Mines Minister Stephen Robertson said State Cabinet had approved the new Coal Seam Gas Regime, paving the way to unlock Queensland's massive coal seam gas resources and stimulate significant new investment and industrial development for the State.
"Queensland has abundant supplies of high quality, competitively-price coal and this new policy regime will allow us to take full advantage of the massive quantities of gas trapped in those coal seams," he said.
"The regime provides greater certainty for explorers and developers to invest in coal seam gas projects as well as provide clear rules, rights and obligations for the coal and gas industries to work cooperatively in developing the resource."
"It also provides for a new, integrated safety management regime that ensures the production of coal seam gas without compromising the operational safety of existing or future coal mines," he said.
The key objectives of the Coal Seam Gas Regime are to ensure operational safety for current future coal and coal seam gas activities; to provide clear rules, rights and obligations to protect existing tenures and future investments; to optimise resource development; and to protect future mineability of coal seams.
Robertson said the regime provides a balanced solution for achieving these objectives through:
* Clear and unequivocal rights to coal seam gas, providing the certainty investors need to bring new gas supplies into production;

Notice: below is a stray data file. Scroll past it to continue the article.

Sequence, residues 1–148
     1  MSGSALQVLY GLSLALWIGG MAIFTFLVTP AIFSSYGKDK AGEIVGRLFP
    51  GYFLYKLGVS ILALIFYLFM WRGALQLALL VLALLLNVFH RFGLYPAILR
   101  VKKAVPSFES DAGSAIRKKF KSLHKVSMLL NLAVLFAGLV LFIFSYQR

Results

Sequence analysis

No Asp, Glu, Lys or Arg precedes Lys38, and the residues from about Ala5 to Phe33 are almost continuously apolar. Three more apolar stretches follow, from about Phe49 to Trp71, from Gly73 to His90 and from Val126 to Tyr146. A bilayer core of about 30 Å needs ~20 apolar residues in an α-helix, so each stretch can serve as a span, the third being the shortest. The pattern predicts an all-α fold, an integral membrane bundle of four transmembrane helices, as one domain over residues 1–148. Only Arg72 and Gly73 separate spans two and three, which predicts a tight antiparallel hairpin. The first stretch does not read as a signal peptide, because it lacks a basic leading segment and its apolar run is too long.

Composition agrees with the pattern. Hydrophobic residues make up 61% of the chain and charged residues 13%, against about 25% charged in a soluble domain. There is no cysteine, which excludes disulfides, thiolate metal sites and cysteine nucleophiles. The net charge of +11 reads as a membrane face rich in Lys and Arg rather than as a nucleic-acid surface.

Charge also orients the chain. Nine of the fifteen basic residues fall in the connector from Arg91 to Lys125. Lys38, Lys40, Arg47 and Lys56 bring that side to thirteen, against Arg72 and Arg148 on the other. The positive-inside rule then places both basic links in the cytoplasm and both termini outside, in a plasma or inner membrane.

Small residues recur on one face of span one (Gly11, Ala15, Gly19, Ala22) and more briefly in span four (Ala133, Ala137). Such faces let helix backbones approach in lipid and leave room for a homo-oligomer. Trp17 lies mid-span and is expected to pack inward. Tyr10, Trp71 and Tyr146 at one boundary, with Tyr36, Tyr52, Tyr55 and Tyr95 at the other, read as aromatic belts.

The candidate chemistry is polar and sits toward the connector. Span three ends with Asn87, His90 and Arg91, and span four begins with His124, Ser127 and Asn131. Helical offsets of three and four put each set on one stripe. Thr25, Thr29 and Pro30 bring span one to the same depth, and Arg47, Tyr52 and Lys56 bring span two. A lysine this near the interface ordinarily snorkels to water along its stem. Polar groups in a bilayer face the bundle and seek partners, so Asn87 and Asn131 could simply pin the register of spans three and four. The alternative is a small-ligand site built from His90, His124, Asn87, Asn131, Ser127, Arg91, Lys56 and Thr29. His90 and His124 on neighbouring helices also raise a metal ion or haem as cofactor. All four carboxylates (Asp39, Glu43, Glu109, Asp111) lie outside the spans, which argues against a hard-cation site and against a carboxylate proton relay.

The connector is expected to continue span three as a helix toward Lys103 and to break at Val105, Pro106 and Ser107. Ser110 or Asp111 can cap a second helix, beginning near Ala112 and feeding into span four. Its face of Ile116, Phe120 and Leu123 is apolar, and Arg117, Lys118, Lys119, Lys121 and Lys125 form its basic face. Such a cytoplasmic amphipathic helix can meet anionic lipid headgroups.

* Not permitting overlapping production leases for coal and for coal seam gas unless the parties have voluntarily entered into a commercial agreement that addresses safety and development issues;
* The removal of different legislative standards for mining tenure holders and gas tenure holders. Except in some transitional cases, all coal seam gas will in future be commercially produced solely under the proposed Petroleum and Gas (Production and Safety) Bill;
* A new application process for both coal and coal seam gas production tenures, which requires consultation between the parties and ensures a thorough assessment of the key issues relating to the optimal development of both resources;
* An integrated safety management regime, based on risk management planning, which ensures the production of coal seam gas without compromising the operational safety of existing or future coal mines;
Robertson said the Queensland Government was currently developing draft legislation to implement the regulatory and administrative arrangements contained in the Coal Seam Gas Regime.
"Industry stakeholders will have significant input into the development of these new regulations and protocols and we plan to have a draft Bill available for industry comment by March," he said.
Robertson said it was hoped the draft legislation would be ready for introduction to State Parliament by the middle of 2003.
"To ensure a fair and equitable implementation of the new arrangements, interim and transitional arrangements will be put in place to ensure that applications made before the legislative amendments come into force are dealt within in accordance with regime principles and objectives," he said.
Robertson paid tribute to the independent panel chaired by Frank Clair (and including Professor Don McKee and Peter Dowling) established by the State Government to advise it on the Coal Seam Gas Regime.
"This is an exceptionally complex regulatory area, given the potentially overlapping interests of different resource tenure holders. The new regime has benefited greatly from the input of the Clair panel and a number of other stakeholders and advisers.
"The panel has made an important contribution to the policy framework being released today, particularly the new Regime's emphasis on operational safety," he said.
A copy of the Coal Seam Gas Regime and an explanatory statement are available on the Department of Natural Resources and Mines website: www.nrm.qld.gov.au